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Sport 35: Winter 2007

Gigi Fenster — People do that

page 66

Gigi Fenster

People do that

What was it, Morris wondered, that made a person reach over, at a crowded bus stop, and stroke the jacket of another? Morris was watching the couple as the bus pulled into the terminus. No—not watching exactly, rather gazing at them through the window in the tired, unfocussed way that one does at the end of the day. They were standing close but not touching. They may have been strangers but as the bus pulled in the woman turned towards the man and said something. Then turned away.

They did not touch before she walked away, her face towards her bag, looking, perhaps, for her ticket. But then, as she was about to merge with the queue, almost beyond reach, the man did it—raised his arm, lifted his hand, and stroked the back of her jacket.

The jacket was padded nylon, puffed beyond the woman's body. Morris watched the woman's face, really watched, and saw no satisfaction. She is numb to his touch thought Morris. Did the man know it? Did he know that his hand would not make its way beyond the stuffed coat?

Morris stroked the arm of his own jacket, tentatively, furtive, aware that he was surrounded and that, while stroking the jacket of another may be quite acceptable, caressing one's own on a crowded bus might draw attention. The fabric was rough and warm, not unpleasant, but not so it was hard to return his hand, once more, to his lap. No, it was not the feel of the fabric—surely.

Morris had heard that a bereaved person might bury his face in the clothes of a loved one, trying, he supposed, to sense that which was lost. He had not done that. Even when the guests were gone, taking their pity and their sorrow with them. Even when the house was silent and ticking he had not once thought to open Sadie's closet and forget in the feel of her fabric. Not once.

And then the clothes were gone. Rachel saw to it. It was done in page 67a day. Morris could have gone in and kept her company that day. He could have offered to help and then, when Rachel left the room perhaps, lifted a dress off a hanger, a jersey off a shelf, put it to his face, and breathed in the stuff of Sadie. But Morris left Rachel and the room and the clothes well alone. 'I'll only get in the way,' he thought and he sat in his study, eyes to the computer, back to the door and listened to the clacking of hangers, the closing of drawers, the sighs of clothes settling themselves in the depths of dustbin bags.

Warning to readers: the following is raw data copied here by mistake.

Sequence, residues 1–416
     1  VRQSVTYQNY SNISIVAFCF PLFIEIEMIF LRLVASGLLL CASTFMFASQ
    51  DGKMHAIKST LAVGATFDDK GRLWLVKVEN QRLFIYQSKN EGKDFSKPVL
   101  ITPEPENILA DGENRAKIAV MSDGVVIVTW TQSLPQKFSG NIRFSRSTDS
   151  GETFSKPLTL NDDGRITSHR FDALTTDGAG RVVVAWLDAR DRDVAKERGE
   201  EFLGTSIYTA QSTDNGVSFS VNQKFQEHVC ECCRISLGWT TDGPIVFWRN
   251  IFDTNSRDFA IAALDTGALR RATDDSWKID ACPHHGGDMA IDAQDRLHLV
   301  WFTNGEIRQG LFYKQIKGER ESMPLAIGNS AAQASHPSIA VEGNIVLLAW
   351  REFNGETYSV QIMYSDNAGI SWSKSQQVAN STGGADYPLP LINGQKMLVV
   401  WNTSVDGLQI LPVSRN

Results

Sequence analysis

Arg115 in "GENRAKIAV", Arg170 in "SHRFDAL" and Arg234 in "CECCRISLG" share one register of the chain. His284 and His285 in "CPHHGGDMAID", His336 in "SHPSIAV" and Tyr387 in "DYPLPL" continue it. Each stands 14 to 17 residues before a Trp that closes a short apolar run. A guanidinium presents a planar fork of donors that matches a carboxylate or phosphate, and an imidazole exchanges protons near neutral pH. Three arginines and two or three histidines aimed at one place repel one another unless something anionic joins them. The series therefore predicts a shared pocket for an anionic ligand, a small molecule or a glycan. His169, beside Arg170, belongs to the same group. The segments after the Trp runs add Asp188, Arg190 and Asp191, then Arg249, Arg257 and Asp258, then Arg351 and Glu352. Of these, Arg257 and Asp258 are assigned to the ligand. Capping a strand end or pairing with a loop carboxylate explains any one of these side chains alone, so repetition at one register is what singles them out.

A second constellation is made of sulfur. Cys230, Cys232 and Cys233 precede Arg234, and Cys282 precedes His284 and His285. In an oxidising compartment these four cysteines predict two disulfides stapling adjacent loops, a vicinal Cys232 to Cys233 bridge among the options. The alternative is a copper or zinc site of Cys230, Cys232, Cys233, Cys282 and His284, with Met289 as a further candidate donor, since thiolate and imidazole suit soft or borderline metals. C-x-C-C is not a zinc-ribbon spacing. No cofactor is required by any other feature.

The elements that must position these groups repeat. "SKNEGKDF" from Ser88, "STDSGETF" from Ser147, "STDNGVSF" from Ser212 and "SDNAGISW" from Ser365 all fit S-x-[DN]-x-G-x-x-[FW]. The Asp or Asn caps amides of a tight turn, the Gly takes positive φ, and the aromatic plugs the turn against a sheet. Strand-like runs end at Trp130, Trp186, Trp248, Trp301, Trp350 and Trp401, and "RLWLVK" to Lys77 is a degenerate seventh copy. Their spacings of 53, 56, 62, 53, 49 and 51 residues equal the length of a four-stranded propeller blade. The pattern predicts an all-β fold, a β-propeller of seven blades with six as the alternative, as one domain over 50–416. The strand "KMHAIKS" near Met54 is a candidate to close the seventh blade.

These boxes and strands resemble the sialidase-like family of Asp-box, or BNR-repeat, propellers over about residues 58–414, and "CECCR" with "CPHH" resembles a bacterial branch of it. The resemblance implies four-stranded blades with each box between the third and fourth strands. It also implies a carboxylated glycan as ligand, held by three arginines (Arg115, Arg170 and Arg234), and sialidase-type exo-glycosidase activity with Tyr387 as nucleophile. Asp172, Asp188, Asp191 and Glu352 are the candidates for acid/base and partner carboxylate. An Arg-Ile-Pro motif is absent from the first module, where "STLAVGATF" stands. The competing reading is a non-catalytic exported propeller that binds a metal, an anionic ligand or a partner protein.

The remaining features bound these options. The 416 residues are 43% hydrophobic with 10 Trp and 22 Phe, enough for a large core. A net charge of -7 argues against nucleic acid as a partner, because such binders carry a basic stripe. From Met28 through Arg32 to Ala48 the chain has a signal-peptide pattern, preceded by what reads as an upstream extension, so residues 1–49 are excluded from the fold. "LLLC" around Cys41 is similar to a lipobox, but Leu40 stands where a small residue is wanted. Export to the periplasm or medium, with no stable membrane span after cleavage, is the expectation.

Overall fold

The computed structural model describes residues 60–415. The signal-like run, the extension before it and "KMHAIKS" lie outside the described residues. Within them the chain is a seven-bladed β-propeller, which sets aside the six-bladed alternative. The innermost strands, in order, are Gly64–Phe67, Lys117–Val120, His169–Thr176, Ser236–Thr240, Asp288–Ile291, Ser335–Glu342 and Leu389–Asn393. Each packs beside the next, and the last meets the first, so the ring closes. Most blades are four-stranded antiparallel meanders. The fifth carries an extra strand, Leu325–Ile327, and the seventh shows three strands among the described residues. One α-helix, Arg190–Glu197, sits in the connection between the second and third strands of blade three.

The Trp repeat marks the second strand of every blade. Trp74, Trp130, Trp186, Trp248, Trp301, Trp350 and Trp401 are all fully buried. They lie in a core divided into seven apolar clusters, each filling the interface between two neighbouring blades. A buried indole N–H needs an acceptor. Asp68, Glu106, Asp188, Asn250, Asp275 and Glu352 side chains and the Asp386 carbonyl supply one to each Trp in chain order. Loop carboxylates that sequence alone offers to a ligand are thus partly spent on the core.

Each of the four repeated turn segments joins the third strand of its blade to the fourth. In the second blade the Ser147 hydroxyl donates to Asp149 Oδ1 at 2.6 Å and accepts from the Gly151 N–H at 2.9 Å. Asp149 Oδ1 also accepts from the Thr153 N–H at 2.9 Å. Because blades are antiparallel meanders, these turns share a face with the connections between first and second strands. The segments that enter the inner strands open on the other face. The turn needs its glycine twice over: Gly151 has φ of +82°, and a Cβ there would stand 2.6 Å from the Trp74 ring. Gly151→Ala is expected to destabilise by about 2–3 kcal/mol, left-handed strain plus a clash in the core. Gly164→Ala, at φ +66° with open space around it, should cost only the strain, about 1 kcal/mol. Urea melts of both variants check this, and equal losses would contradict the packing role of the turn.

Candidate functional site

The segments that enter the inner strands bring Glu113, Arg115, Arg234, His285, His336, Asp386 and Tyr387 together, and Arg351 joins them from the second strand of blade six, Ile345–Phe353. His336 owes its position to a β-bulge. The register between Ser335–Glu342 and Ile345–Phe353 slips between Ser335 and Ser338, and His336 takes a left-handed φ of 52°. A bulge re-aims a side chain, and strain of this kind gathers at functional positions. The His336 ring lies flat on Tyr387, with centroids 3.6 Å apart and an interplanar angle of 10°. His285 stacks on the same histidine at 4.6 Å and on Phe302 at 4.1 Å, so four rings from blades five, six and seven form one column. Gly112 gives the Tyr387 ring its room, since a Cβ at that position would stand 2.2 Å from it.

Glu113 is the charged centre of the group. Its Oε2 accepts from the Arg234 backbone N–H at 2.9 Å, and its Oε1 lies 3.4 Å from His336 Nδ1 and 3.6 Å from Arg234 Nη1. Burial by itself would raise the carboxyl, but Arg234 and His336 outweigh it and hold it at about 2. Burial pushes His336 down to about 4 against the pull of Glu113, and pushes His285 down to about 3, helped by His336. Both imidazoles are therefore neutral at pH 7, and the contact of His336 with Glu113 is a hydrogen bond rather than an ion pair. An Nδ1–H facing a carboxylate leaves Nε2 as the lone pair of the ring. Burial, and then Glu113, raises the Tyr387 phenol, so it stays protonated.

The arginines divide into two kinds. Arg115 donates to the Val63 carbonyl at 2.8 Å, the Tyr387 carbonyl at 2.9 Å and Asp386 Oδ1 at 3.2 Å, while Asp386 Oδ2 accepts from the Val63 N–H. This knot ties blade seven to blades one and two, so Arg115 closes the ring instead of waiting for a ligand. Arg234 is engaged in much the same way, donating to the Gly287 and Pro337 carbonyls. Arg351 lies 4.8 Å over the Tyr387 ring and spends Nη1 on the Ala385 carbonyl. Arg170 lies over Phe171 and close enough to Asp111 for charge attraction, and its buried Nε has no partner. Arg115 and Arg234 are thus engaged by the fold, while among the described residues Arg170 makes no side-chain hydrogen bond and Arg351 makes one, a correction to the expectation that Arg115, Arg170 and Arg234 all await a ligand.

Then the dragging of the bags out of the room, down the passage, to the door, his door, the study door where the bags were silenced. And in that silence stood Rachel, clenched fists holding the bags closed. Or perhaps her hands were hanging at her sides, the bags sufficiently well packed as to stand alone. One on either side of her. Like stakes. Perhaps the bags were propped against each other. Balancing just so.

What do we two do now? wondered Morris. What now? For now we are only two. Morris could have turned from the screen. He could have faced the silence, or risen from his chair. He could have walked to the door and turned the handle and held her, hard and tight and stroked her hair and murmured that she was a motherless child and he a sorry old widower. They could have sat together on those dustbin bags and cried.

On the computer the image of a window flew into a window flew into a window. Morris sat and stared at the relentless windows, stared and waited. For Rachel to stand in the doorway and say that she was done, would see him tomorrow. And Morris, still gazing at the moving windows, raised his hand. 'See you tomorrow then.' And listened as the dustbin bags heaved their heavy way out of the house.

By the time he turned from the screen the room was in darkness and the cat was mewling at its dinner plate.

Perhaps the cat had crept into the room as Rachel folded the clothes. Perhaps it had stroked against her legs, reminding her of the feel of another. Rachel might have put down the shawl she was folding. Deliberately, neatly. She might have sat on the bed, lifted the cat to her lap and held the softness of it.

Perhaps the cat had suffered itself to be lifted to her face and held there for a good long while. Certainly Morris had not heard from it until it was time for dinner.

page 68

Some weeks later Morris stood at a traffic light and there, on the other side of the road, looking directly at him, stood a young woman wearing what was once, could it be, a dress of Sadie's. The young woman looked good in it. Morris could have told her so. He could have waited at that crossing and watched her as she approached and then, when she was just close enough, he could have smiled and said, 'You look good in that dress.' Or he could have crossed her path, come close and glanced the fabric, skimmed the skirt as it breathed on the breeze of a young spring woman. But Morris did none of those things. People do not go around complimenting strangers on their dress. And a glance could become a touch, could be felt through the fabric.

The man had not kissed the woman before she turned to the bus, or stroked her hair or touched her hand. He had not hugged her or patted her cheek or even, Morris suspected, muttered a goodbye. But he had reached out, when she was beyond his compass, and stroked the back of her departing jacket.

People do that, Morris thought. People do that.